An oddly didactic fable from a benign source. A small boy sets off to mail a letter. As he walks he passes airplanes bombing homes, tanks attacking buildings and soldiers abusing the public. At the mailbox a bigger boy makes to beat up our hero, but is set back a piece when the boy yells a definitive "No!"-the only word of dialogue in this tale. As the boy walks back, he and readers observe that the soldiers are friendly, the tank has become a plow and the planes drop bicycles not bombs. Finally readers see that the boy's letter was to the president: After listing his school's rules ("NO PUSHING / NO PUNCHING") it ends, "Do you have any rules?" The general idea is that if one says "No!" to bullies, rather than just saying nothing, the world becomes a better place. This message is clear, though the packaging is not, as the early violence doesn't sit well with the later idyllic scenes of peace and harmony. Certainly some adults will find this pseudo-Sendakian tale moving, but the message is wrapped in a self-righteous format that doesn't work effectively for its intended audience. (Picture book. 4-8)
Read More Show Less

Product Details

  • ISBN-13: 9781596432888
  • Publisher: Roaring Brook Press
  • Publication date: 3/17/2009
  • Edition description: First Edition
  • Edition number: 1
  • Pages: 48
  • Sales rank: 598,174
  • Age range: 4 - 8 Years
  • Product dimensions: 8.32 (w) x 10.24 (h) x 0.37 (d)

Meet the Author

DAVID MCPHAIL is the author and/or illustrator of more then 50 illustrated books for children. He lives in Rye, New Hampshire.

Read More Show Less

Customer Reviews

Be the first to write a review
( 0 )
Rating Distribution

5 Star

(0)

4 Star

(0)

3 Star

(0)

2 Star

(0)

1 Star

(0)

Your Rating:

Your Name: Create a Pen Name or

Barnes & Noble.com Review Rules

Our reader reviews allow you to share your comments on titles you liked, or didn't, with others. By submitting an online review, you are representing to Barnes & Noble.com that all information contained in your review is original and accurate in all respects, and that the submission of such content by you and the posting of such content by Barnes & Noble.com does not and will not violate the rights of any third party. Please follow the rules below to help ensure that your review can be posted.

Reviews by Our Customers Under the Age of 13

We highly value and respect everyone's opinion concerning the titles we offer. However, we cannot allow persons under the age of 13 to have accounts at BN.com or to post customer reviews. Please see our Terms of Use for more details.

What to exclude from your review:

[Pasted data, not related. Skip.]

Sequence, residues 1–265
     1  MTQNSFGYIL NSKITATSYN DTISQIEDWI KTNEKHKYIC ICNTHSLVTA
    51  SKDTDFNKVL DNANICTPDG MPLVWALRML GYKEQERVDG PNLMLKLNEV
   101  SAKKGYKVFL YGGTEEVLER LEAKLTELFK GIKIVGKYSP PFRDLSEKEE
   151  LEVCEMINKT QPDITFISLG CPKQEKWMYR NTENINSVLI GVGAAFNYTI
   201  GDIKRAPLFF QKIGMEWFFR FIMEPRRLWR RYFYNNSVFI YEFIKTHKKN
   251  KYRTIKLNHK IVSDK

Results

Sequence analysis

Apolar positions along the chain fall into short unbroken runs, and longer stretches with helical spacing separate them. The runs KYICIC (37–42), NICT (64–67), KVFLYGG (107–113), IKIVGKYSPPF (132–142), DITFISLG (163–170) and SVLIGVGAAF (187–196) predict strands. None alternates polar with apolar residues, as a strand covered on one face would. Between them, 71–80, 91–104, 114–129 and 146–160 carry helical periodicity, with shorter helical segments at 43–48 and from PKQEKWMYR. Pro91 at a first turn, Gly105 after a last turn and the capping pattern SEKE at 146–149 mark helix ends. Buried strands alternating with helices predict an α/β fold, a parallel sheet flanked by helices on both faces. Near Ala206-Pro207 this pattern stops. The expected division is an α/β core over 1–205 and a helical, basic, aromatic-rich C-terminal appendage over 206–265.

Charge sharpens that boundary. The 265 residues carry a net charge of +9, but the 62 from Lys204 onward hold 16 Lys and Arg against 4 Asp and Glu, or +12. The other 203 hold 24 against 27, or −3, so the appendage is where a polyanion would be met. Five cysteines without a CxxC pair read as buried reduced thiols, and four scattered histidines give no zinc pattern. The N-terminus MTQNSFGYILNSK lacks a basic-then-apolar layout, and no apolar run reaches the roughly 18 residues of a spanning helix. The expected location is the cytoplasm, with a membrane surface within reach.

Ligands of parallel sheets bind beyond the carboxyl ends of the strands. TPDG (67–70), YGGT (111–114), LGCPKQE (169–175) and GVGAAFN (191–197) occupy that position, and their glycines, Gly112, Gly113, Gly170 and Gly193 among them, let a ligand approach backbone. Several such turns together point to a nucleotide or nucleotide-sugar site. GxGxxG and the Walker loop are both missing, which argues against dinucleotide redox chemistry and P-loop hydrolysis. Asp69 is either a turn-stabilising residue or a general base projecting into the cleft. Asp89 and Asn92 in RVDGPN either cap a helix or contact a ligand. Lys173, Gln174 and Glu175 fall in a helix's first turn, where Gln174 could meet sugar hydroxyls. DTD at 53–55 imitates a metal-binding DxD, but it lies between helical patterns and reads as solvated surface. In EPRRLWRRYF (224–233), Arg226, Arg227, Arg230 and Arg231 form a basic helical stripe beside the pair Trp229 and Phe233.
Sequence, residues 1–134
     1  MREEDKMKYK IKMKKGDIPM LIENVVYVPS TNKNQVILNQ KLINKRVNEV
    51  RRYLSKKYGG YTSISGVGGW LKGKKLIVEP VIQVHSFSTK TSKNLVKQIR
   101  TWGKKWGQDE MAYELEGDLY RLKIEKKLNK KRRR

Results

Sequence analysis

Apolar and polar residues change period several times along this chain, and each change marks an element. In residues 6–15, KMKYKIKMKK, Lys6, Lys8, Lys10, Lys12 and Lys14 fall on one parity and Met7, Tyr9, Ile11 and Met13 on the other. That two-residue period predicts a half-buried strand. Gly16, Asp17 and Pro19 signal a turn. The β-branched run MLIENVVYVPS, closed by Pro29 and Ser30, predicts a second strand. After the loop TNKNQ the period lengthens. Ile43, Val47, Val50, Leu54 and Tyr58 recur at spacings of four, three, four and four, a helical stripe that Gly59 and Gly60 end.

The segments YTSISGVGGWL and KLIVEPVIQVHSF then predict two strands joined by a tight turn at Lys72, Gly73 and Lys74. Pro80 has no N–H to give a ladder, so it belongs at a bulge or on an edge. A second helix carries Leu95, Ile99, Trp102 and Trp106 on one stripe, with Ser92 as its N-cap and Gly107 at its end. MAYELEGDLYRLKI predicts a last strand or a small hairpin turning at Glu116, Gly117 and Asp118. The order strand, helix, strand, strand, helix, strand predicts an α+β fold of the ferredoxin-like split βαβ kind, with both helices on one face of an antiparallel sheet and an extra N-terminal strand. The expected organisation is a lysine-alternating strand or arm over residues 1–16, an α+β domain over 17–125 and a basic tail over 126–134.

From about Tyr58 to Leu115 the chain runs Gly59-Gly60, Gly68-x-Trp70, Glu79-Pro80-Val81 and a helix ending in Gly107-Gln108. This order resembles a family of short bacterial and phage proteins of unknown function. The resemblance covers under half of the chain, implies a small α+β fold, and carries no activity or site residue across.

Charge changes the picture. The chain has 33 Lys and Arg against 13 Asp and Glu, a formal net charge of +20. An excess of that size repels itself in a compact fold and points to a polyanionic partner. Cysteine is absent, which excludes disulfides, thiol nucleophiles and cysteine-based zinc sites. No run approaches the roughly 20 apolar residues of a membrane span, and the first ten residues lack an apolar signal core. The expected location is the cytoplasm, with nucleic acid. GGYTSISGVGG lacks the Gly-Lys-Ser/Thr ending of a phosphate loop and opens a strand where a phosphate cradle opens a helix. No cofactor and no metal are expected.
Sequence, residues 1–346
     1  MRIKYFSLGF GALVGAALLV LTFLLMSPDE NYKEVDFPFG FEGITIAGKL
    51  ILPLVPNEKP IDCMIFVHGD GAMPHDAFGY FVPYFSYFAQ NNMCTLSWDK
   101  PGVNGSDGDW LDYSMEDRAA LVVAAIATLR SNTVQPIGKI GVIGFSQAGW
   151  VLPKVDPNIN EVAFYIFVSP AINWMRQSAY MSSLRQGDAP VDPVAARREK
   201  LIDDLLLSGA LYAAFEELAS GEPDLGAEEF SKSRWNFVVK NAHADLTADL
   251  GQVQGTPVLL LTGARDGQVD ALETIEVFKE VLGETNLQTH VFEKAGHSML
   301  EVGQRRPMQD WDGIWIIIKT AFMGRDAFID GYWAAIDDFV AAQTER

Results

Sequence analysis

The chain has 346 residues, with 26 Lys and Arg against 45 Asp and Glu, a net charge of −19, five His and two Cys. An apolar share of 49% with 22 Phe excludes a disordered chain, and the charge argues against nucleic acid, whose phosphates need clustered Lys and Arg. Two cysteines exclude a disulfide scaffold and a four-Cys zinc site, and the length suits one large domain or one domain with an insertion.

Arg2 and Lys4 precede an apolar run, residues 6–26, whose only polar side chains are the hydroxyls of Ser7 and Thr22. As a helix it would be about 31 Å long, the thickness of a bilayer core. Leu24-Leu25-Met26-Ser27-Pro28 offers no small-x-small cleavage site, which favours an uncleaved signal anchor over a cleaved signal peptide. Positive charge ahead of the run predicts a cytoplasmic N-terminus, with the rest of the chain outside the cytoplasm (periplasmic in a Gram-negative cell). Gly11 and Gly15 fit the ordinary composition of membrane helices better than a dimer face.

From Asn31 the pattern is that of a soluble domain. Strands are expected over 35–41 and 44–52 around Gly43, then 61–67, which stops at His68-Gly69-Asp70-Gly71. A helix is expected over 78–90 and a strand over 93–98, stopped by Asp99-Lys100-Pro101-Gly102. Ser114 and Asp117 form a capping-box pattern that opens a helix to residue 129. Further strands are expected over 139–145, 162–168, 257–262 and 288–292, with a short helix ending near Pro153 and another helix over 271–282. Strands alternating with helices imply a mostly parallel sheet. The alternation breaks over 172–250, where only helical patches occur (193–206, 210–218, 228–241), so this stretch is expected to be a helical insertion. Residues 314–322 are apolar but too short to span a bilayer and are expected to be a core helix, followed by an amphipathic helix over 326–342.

Please do not write about reviews, commentary, or information posted on the product page. If you see any errors in the information on the product page, please send us an email.

Reviews should not contain any of the following:

  • - HTML tags, profanity, obscenities, vulgarities, or comments that defame anyone
  • - Time-sensitive information such as tour dates, signings, lectures, etc.
  • - Single-word reviews. Other people will read your review to discover why you liked or didn't like the title. Be descriptive.
  • - Comments focusing on the author or that may ruin the ending for others
  • - Phone numbers, addresses, URLs
  • - Pricing and availability information or alternative ordering information
  • - Advertisements or commercial solicitation

Reminder:

  • - By submitting a review, you grant to Barnes & Noble.com and its sublicensees the royalty-free, perpetual, irrevocable right and license to use the review in accordance with the Barnes & Noble.com Terms of Use.
  • - Barnes & Noble.com reserves the right not to post any review -- particularly those that do not follow the terms and conditions of these Rules. Barnes & Noble.com also reserves the right to remove any review at any time without notice.
  • - See Terms of Use for other conditions and disclaimers.
Search for Products You'd Like to Recommend

Recommend other products that relate to your review. Just search for them below and share!

Create a Pen Name

Your Pen Name is your unique identity on BN.com. It will appear on the reviews you write and other website activities. Your Pen Name cannot be edited, changed or deleted once submitted.

 
Your Pen Name can be any combination of alphanumeric characters (plus - and _), and must be at least two characters long.

Continue Anonymously

    If you find inappropriate content, please report it to Barnes & Noble
    Why is this product inappropriate?
    Comments (optional)